the quickest way in and out (flash fiction)

It pulled him in both directions.  Like taffy.  Like bad earbuds.  It was the story of his life.

If he used the backdoor, he could get a little walk.  A little exercise around the building.  And stop at the bathroom for a pee.

If he used the front, he could get in there and out quicker — then use the bathroom somewhere else (with the check in his pocket).

“Which way?” he asked.

“It’s right here,” she said, walking to the front door.

When he was twenty-two, just out of college, he had talked about going to Tunisia.  He knew where Tunisia was but didn’t know anything else about it.  Why did he want to go there?  For the adventure.  So he could say he had been.  He now realized why he wanted to make that trip.  He didn’t know anybody who had ever been.  He would have taken buses and probably seen a lot of sand and gone days without using language.  It was his big chance to tell people about a place he had been where they had not been, a place where he had been a very independent man, that nobody could match.  Of course he didn’t go — and it’s a good thing, too.  Now, he would not be able to tell anybody anyway.  It would have sounded silly, with so many back from Iraq and Afghanistan.

He stepped down the hall and knocked on the door, even though it was open.

The guy looked up as if he were wearing a mask, except for the eyes.  They were still.

“Beard,” he said.

“Winter,” said the guy.

“Long time.”

“No shit.”

“You busy?”

“No.  Yeah.”

“I finished.  You want it?”

“I don’t know,” said the guy.  “Do I?”

He shook his head and pulled the DVD out of his pocket, holding it as if it were a candle.

The guy with the beard took three steps, and then one more, and took the DVD.  He pulled out his checkbook.

“Two thousand dollars,” he said.

“Make it three,” she said.

“We had an agreement.”

“You didn’t tell me about the daughter,” he said.

The guy stopped writing and clacked his teeth against his pen.

“Is she on there?”

He nodded.

He wrote the check and handed it to her, and they left, out the hall and into the parking lot.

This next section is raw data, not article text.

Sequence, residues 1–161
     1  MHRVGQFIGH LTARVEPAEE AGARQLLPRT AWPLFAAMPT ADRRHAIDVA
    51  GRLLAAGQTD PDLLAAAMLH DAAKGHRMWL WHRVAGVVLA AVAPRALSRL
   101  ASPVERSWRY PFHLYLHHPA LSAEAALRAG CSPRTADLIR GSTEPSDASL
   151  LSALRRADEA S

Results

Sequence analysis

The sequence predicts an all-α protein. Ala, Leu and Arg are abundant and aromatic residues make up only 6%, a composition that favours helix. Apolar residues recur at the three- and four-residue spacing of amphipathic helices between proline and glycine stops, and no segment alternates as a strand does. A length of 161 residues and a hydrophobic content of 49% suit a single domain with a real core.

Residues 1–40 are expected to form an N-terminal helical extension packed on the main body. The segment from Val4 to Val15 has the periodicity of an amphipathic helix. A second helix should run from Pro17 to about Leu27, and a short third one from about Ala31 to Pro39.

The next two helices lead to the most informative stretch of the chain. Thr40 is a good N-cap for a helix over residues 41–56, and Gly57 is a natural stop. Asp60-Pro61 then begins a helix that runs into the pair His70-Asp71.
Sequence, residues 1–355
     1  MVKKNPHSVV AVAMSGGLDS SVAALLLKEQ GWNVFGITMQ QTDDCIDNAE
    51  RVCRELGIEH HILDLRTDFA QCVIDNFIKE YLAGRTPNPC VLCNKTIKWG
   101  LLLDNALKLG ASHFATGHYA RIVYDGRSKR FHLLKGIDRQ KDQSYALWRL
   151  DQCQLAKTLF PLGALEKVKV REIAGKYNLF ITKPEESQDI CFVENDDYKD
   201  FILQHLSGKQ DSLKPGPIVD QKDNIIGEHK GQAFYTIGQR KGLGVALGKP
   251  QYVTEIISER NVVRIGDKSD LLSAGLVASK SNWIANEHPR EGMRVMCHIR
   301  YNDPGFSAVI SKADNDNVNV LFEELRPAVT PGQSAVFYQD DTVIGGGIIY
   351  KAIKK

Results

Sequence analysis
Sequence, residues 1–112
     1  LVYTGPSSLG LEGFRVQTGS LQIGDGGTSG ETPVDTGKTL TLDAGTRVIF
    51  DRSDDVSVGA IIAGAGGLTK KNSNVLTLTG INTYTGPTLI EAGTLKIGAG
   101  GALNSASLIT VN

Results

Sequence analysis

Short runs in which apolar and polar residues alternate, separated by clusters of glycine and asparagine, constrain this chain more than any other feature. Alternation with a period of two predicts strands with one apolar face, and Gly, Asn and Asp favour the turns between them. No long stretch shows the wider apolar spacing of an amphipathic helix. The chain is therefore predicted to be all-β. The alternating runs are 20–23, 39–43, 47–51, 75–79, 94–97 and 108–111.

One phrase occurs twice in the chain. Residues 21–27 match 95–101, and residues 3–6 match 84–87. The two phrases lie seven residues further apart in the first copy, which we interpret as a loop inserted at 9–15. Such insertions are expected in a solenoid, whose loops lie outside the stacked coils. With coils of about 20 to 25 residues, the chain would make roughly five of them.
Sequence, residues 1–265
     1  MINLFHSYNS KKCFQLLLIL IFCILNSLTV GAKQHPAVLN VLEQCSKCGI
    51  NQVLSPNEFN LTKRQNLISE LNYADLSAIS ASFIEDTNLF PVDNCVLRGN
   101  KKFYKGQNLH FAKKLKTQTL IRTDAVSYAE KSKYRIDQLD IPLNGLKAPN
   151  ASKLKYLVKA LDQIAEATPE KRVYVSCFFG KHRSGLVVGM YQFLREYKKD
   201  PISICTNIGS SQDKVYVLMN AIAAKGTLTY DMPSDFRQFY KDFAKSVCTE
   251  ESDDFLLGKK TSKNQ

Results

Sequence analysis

They held hands.  He hummed a tune. She let go of one hand and took a twirl.

Netflix instant download + Projector = awesome!

So far this year, I’ve been in vacation mode. Much needed.

I’ve continued 10k steps per day. Done yoga each day.

And, I’ve watched three movies.

The Shift
La Vie En Rose
I’ve always gone to movies and theatre on a regular basis.

Thanks to the economic downturn, I think I only went to two movies all last year.

And we canceled our Netflix membership.

And I’ve worked quite a bit.

My entertainment, along with a bit of local theatre, was basic cable — and of course all the stuff online. I’ve spent much of my free time, since that amazing Iowa primary in January of ’08 — watching political squabbles on cable.

But I got inspired the other day, listening to Here and Now on NPR while delivering Coffee News.

Ty Burr shared his list of 10 best films of the decade. I’ve seen a few of them, but there are a lot on the list I want to see. On his website, his list includes 33 of the best films of the decade.

So I rejoined Netflix and filled the queues (the DVD and instant play)

Now, with the instant play feature, it’s awesome. I hooked my laptop to my projector and speakers and voila — movies on the big screen with big sound — and the supply is unlimited.

Will I have to ignore the fascinating political squabbles in order to use that time to watch a few good films?

Not really. It only takes a car radio and few minutes of reading a day — not two hours of repetition on cable — to keep with the news.